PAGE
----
Sherry hit back, and blamed Love Lives Here, which had publicly opposed her son’s racism, for causing “financial harm to many innocent parties”.

The Daily Stormer posted the photographs and contact information for the realtor, and for Jewish residents affiliated with Love Lives Here – including a female rabbi and the realtor’s child. The site cautioned trolls to follow the law and not threaten or engage in violence.

Later posts were accompanied by a graphic of the locals’ faces hovering over the image of the door to a concentration camp, along with antisemitic slurs and frequent references to the Holocaust.

One of the targets of the harassment, Randall said, had received a photo of a gun barrel with the message: “She needs a visit from the ‘Montana Mangler’.”

In the days that followed, Whitefish businesses deemed sympathetic to Jews were also bombarded with negative online reviews, harassing phone calls and threatening messages, owners said. “Your time is up, you leftist faggot.” “Hitler Claus is coming to town.”

The waves of antisemitic abuse stunned and appalled the tiny resort town – an outpost best known for skiing and hiking trips to Glacier national park.

whitefish richard spencer

Downtown Whitefish on Martin Luther King Day was decorated with messages of love. Photograph: Lois  Beckett for the Guardian

When the owner of Tree Hugger Soap, a local company, organized a collective gift basket to send to the realtor as a sign of community support, the Daily Stormer picked up on the news and added the soap company to a list of “collaborators” in the “Jewish extortion racket”.

“Make it clear that this is intolerable,” the Daily Stormer suggested, listing the soap company’s social media handles and contact information.

“There’s a hierarchy here in who got attacked,” Randall noted. It was misogyny, not just antisemitism, that was super-charging the attacks, he said. Jewish women – “successful Jewish women” – were the top targets, “then the businesses that support them, then maybe the men”.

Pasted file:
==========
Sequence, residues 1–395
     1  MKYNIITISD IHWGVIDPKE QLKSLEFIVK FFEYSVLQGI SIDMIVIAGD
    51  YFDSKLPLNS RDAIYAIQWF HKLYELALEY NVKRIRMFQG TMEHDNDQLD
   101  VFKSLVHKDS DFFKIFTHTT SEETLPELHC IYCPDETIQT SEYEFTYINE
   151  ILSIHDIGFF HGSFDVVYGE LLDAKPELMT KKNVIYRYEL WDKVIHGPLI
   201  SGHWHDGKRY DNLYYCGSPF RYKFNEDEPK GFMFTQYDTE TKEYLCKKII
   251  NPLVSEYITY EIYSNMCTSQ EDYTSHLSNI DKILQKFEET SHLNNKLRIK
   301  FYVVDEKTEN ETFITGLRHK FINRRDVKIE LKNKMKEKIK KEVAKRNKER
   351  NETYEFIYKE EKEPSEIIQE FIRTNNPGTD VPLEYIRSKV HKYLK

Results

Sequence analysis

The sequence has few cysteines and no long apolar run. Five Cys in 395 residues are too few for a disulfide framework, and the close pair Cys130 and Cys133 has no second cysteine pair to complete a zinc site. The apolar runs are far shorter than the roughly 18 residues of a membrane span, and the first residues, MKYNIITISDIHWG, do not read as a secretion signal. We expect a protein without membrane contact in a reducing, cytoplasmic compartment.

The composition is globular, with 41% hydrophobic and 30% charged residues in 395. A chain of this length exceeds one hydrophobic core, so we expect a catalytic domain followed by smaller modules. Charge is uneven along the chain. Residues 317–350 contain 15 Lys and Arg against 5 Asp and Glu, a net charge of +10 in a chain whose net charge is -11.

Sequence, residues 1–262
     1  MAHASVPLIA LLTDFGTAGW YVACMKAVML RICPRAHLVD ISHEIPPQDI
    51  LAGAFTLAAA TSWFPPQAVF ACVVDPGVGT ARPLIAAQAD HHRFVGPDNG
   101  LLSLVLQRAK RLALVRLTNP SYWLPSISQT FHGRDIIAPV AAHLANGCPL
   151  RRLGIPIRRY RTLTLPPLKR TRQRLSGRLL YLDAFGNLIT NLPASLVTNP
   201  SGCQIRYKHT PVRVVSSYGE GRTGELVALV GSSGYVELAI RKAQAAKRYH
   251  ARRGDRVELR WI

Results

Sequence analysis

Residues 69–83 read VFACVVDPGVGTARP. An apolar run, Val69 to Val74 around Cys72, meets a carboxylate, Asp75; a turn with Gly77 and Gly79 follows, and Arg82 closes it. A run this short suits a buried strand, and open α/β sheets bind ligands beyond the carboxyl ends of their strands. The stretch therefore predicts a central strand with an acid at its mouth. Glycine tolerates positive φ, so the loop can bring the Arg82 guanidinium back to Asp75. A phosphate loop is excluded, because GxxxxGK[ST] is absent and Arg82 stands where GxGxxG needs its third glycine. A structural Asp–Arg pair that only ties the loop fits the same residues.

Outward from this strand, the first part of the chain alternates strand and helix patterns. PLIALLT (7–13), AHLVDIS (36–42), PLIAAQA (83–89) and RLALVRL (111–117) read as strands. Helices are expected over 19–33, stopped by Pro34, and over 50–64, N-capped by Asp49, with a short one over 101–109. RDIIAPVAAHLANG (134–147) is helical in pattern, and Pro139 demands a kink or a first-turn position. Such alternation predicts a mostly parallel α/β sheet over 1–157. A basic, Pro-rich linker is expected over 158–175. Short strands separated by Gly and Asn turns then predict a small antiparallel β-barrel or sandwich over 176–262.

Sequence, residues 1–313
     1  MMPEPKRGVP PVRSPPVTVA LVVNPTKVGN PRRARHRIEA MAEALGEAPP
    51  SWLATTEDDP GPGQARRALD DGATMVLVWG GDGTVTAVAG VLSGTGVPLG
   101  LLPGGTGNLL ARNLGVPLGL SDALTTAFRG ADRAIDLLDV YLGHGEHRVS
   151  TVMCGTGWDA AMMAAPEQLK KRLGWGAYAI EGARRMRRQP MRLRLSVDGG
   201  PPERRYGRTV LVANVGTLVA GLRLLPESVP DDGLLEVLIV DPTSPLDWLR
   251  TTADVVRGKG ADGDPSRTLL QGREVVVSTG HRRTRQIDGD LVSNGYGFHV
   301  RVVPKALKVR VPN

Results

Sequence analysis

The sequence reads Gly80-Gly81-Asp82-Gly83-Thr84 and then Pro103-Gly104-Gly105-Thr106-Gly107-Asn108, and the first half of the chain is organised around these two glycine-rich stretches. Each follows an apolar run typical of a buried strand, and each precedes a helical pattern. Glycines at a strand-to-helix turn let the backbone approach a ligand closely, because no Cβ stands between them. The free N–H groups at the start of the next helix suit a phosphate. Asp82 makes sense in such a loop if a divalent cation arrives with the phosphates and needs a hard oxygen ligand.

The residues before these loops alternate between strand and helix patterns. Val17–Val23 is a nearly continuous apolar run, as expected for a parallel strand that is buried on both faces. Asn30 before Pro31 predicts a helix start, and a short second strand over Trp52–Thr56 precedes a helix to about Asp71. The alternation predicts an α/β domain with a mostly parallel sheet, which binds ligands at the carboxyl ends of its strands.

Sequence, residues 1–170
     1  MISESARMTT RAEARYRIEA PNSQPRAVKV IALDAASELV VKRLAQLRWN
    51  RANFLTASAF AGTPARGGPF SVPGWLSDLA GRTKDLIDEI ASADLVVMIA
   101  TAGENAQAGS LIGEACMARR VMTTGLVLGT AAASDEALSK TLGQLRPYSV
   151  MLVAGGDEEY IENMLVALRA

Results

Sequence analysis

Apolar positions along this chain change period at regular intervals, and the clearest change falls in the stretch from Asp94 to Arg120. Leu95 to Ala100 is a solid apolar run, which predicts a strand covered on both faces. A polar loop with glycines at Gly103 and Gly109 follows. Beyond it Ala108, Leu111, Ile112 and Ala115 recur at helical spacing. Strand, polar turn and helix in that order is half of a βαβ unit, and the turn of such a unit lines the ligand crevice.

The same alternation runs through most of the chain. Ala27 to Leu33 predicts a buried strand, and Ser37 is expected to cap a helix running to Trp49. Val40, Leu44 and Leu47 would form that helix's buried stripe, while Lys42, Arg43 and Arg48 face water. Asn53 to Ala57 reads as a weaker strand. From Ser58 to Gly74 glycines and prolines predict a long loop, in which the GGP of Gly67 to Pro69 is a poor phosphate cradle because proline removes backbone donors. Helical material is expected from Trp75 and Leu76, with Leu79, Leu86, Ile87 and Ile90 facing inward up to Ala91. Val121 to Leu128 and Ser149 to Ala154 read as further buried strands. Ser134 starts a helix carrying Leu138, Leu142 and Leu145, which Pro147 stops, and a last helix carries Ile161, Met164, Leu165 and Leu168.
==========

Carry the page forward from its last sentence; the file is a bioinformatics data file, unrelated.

By January, some of the owners of the Whitefish businesses that had been targeted would only speak anonymously, worried that any new press mentions would result in them being targeted once more.

Right around Christmas, one of the busiest times of the year, the businesses had been hit with negative online reviews. One troll from outside the country had repeatedly called a local business, trying to tie up its phone line for as long as possible. Nasty messages poured into website contact forms.

The threats and attacks did not stop after a single round. They turned and shifted.

In late December, the founder of the Daily Stormer, a site that the Southern Poverty Law Center found may have influenced mass murderer Dylann Roof, promised that his supporters would hold a 200-person antisemitic march through the streets of Whitefish in January “carrying high-powered rifles”.

The site’s founder, Andrew Anglin, set the Whitefish march date for Martin Luther King Jr Day, and named the march after King’s assassin, James Earl Ray.

Anglin had promised implausibly to bus skinheads in from the Bay Area to a tiny Montana town close to the Canadian border. The lurid threat generated a huge response.

As the media coverage of the threats rolled out, Richard Spencer dist